Geneva Police Issue Warning on Water Safety—As One-Year Anniversary of River Drowning Approaches
As the Aug. 5 anniversary if Randy Suchy's death approaches, Geneva police remind residents of the dangers of the Fox River dam.
As the one-year anniversary of Randy Suchy's tragic drowning death approaches, Geneva police officials are reminding area residents to stay away from the dam.
The 59-year-old Naperville man died on Aug. 5 after trying to save the life of a 12-year-old boy who was fishing with him and had fallen into the Fox River at the Geneva dam.
A group of bicyclists—later recognized for their "uncommon bravery"—saw Suchy struggling to save the boy, contacted police and joined efforts to save them. Geneva Police Department and Fire Department personnel jumped into the roiling water, pulled the man and the boy to safety but could not resuscitate Suchy.
Now, almost a year later, the river is lower than past years due to the drought. But it is no less dangerous. Despite warning signs, many fishermen have resumed wading into the Fox River near the dam, choosing not to acknowledge the signs.
“While the drought has definitely lowered the water level, the water still travels over the dam with significant force, causing the boil to be a dangerous place," Geneva police Cmdr. Eric Passarelli said. "The bottom of the river is also very uneven, so while you may be able to walk in some locations and have the water level at your ankles. It can quickly drop off and be much deeper."
Also this year, the Chicago Sun-Times reports there have been 10 drowning deaths in the area so far this summer. Nine of the deaths happened in Lake Michigan, the other in a pool in Joliet. The Department of Children and Family Services is investigating the Joliet death, according to a report by CBS Chicago.
“You should never take any body of water for granted," Passarelli said. "Assure that children are supervised at all times. With small children, the CDC recommends touch supervision, meaning that the caregiver is able to immediately grab the child if there is a problem. A drowning death can occur in as little as 1 inch of water and generally happens very quickly and very quietly."
Geneva police are issuing a warning, and reminding residents throughout the area to follow some of the basic swimming safety advice recommended by the American Red Cross.
For lakes, rivers, pools and ponds—whatever the activity—observe the cardinal rules of water activity:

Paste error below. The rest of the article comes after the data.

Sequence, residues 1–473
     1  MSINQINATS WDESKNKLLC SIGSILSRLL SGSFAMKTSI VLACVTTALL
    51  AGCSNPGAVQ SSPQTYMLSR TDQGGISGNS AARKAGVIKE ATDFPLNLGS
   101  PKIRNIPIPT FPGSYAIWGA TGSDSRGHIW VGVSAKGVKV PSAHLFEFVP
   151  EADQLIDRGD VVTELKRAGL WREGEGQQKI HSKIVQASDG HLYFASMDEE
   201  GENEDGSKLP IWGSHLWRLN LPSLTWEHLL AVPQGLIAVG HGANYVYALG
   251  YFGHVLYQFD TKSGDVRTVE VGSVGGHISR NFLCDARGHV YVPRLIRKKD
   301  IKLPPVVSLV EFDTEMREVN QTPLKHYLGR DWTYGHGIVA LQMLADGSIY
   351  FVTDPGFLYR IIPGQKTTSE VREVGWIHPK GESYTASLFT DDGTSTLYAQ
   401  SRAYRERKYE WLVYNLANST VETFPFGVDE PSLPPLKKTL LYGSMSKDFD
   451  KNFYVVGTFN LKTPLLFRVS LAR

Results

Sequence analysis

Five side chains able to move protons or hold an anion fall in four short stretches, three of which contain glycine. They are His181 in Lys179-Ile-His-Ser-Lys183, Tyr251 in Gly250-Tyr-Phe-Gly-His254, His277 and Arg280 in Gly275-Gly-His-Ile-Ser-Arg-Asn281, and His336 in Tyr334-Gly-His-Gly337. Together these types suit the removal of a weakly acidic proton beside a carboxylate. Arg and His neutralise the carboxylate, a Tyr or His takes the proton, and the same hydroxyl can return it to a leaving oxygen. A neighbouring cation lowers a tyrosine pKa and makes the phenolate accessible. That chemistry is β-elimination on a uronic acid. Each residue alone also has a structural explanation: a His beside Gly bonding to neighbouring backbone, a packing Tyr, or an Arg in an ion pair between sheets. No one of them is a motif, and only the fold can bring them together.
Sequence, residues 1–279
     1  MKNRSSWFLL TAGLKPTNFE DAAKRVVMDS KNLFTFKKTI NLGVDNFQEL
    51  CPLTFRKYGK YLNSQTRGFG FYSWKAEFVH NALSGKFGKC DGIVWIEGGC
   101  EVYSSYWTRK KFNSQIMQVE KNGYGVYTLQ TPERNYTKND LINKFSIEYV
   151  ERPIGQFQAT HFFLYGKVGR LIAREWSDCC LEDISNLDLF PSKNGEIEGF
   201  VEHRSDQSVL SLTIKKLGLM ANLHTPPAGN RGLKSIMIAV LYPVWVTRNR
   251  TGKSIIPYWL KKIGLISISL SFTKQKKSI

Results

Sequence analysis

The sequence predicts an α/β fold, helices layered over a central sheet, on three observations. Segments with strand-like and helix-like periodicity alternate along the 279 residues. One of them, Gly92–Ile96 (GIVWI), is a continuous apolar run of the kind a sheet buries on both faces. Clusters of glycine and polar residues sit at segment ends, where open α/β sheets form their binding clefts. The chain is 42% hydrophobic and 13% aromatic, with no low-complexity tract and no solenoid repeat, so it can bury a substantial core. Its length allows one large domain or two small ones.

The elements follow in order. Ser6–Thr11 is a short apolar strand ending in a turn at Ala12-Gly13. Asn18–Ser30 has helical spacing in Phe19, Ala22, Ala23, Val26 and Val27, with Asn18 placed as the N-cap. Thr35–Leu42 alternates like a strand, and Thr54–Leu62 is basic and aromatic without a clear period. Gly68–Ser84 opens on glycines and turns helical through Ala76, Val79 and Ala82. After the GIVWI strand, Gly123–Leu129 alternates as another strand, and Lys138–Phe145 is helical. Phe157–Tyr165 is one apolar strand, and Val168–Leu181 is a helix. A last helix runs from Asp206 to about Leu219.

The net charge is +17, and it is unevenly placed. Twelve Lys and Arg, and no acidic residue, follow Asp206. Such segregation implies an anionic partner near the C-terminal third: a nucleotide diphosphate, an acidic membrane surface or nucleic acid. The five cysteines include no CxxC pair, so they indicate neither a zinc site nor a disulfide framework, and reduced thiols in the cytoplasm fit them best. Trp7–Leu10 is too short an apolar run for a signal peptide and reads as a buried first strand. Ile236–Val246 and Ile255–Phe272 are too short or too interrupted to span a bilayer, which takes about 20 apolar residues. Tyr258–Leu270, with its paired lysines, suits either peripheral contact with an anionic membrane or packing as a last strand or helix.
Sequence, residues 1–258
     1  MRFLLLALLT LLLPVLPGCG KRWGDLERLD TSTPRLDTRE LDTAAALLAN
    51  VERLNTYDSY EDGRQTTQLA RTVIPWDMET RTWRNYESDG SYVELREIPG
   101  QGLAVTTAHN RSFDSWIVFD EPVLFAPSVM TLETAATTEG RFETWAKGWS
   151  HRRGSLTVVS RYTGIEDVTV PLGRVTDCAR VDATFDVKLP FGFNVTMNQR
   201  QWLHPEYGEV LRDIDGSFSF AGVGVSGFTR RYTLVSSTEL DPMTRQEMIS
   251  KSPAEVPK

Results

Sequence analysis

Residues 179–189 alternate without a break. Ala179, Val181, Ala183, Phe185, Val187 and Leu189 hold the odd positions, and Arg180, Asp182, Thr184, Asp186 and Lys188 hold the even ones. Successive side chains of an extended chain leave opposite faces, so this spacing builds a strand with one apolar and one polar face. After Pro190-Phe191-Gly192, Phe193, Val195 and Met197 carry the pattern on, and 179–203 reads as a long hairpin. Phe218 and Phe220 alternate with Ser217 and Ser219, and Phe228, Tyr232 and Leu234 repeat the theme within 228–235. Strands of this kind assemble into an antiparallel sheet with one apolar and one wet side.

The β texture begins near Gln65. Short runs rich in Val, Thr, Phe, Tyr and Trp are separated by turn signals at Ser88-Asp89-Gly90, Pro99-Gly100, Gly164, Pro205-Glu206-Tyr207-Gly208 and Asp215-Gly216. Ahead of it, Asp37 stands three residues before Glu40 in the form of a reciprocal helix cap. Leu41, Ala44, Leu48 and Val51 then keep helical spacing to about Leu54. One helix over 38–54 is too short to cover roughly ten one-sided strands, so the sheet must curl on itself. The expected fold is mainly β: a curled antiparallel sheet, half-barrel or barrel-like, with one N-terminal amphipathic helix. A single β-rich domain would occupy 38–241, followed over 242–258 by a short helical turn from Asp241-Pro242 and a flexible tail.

Wear a Coast Guard-approved life jacket.
Know local weather conditions. Make sure the water and weather conditions are safe. Because water conducts electricity, it is wise to stop swimming, boating or any activities on the water as soon as you see or hear a storm. Also, heavy rains can make certain areas dangerous.
Learn to swim.
The best thing anyone can do to stay safe in and around the water is to learn to swim, period.
Know where to swim and play.
Only swim and play in areas that:
- Are supervised. A Red Cross-trained lifeguard who can help in an emergency is the best safety factor. Even good swimmers can have an unexpected medical emergency in the water. Never swim alone.
- Are clean and well-maintained. A clean bathhouse, clean restrooms, and a litter-free environment show the management’s concern for your health and safety. Have good water quality and safe, natural conditions. Murky water, hidden underwater objects, unexpected drop-offs and aquatic plant life are hazards. Water pollution can cause health problems for swimmers. Strong tides, big waves, and currents can turn an event that began as fun into a tragedy. Have well-maintained rafts and docks. A well-run open-water facility maintains its rafts and docks in good condition, with no loose boards or exposed nails.
- Areas underneath a raft or dock. Always look before jumping off a dock or raft to be sure no one is in the way.
- Areas above and below a dam.
- Drainage ditches. Drainage ditches for water run-off are not good places for swimming or playing in the water. After heavy rains, they can quickly change into raging rivers that can easily take a human life. Even the strongest swimmers are no match for the power of the water. Fast water and debris in the current make ditches and very dangerous.
- Piers, pilings and diving platforms when in the water.
Think before you wade or jump
Make sure the water is deep enough before entering headfirst. Many swimmers are seriously injured every year by entering headfirst into water that is too shallow. A feet-first entry is much safer than diving.
Water that appears calm on the surface may have a current below the surface. Do not underestimate the power of an unseen current If you are caught in a current and being swept away, roll over onto your back and go downstream feet first to avoid hitting your head. When you are out of the strongest part of the current, swim straight toward shore.
Don’t try to swim against a current if caught in one. Swim gradually out of the current, by swimming across it.
A hydraulic is a strong force created by water flowing downward over an object, then reversing its flow. The reverse flow of the water can trap and hold a person under. If you are caught in a hydraulic, do not fight it but swim to the bottom and then swim out with the current to reach the surface.
Watch out for the dangerous “too’s”—too tired, too cold, too far from safety, too much sun, too much strenuous activity.
If you own a swimming pool, assure that children are always supervised. Drowning is silent and quick. Police ask residents to please take steps to assure that your pool is not accessible to unsupervised children.
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